Reel in your social media net

The area’s off-campus residents see a rise in theft at the start of the school year.

Luis Ruuska

Like many of my peers, my first introduction to the social networking world was Facebook.

In my first few days of Facebook, I sent out friend requests in batches to anyone and everyone I had mutual friends with. In a matter of weeks, I amassed more than 800 friends; most I had never met in person.

I used to not give much thought about the fraction of people that I appeared to know online. In fact, meeting these Facebook “friends” was
almost a treat.

However, I recently realized just how artificial and unsettling it was to be “friends” with so many strangers.

Worse yet, I looked at the amount of people I had hidden from my timeline simply because their posts annoyed me. It was more than 80.

The epiphany hit me: I needed to be active on social media.

I began to unfriend people I didn’t know and people whose posts annoyed me. Weirdly, I felt a pang of guilt each time I hit the unfriend button.

This notion of guilt over something so trivial seemed foolish, but I realized why I felt ill from my Facebook baptism by fire.

Unfriending someone is the equivalent of telling someone you don’t want them in your real-world life. There is a dramatic weight that comes with disconnecting with people in cyberspace.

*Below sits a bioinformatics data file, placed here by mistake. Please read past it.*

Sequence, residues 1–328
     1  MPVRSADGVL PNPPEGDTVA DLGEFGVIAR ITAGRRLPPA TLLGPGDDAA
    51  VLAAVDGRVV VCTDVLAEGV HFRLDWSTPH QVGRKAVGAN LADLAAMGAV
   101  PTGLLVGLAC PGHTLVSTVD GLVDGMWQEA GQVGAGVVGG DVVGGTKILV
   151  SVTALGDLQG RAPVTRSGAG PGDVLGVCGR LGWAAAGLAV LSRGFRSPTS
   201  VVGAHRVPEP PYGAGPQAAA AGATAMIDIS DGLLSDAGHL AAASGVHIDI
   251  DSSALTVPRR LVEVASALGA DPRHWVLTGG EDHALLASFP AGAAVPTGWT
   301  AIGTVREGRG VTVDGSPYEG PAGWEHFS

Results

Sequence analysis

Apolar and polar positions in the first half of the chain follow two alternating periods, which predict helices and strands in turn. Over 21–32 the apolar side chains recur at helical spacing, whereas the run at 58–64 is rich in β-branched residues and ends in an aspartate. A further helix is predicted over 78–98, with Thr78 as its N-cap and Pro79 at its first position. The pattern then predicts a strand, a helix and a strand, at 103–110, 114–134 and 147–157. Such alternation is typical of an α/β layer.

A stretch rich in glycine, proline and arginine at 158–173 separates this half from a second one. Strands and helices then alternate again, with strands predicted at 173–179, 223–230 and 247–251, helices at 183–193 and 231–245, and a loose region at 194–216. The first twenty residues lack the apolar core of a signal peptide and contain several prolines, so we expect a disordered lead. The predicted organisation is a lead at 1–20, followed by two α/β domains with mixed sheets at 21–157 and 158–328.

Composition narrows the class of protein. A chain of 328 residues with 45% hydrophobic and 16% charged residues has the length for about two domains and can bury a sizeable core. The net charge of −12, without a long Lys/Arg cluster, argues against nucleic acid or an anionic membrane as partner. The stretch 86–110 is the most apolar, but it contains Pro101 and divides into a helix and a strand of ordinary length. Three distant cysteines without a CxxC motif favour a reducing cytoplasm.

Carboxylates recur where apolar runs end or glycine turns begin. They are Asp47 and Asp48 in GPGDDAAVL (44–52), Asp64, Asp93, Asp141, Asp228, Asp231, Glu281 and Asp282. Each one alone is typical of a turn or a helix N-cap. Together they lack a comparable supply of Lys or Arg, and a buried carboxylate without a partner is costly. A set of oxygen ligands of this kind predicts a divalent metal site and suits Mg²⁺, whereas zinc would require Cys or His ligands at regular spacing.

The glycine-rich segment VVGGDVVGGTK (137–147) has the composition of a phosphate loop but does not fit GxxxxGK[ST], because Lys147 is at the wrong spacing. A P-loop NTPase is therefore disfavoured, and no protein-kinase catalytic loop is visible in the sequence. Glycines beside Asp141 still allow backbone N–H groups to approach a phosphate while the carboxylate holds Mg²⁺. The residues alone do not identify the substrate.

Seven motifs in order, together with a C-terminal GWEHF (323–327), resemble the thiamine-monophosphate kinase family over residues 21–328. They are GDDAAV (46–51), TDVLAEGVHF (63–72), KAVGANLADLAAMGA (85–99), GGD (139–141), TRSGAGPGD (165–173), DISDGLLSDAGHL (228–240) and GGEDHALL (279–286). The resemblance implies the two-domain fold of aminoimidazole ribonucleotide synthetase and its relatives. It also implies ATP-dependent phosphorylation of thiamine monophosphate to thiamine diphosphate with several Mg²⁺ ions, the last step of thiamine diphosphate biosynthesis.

Social networking sites were never meant to be a substitute for reality, but now 72 percent of all adult Internet users are using them. In many ways they have become an alternate social reality. We’ve learned the hard way that online actions can have real-world consequences, so we should be active in constructing our digital experiences.

We have a right to pick and choose who we want to interact with online just as we do in reality. We have a right to surround ourselves with the people we like or want to know. We shouldn’t feel obligated to blindly connect with people for the sake of connecting.

Ultimately, we don’t tether ourselves to worn-out or even unhealthy relationships in the real world. Why should it be different in cyberspace?

Be active about creating your social media experience. I promise it will change your experience online.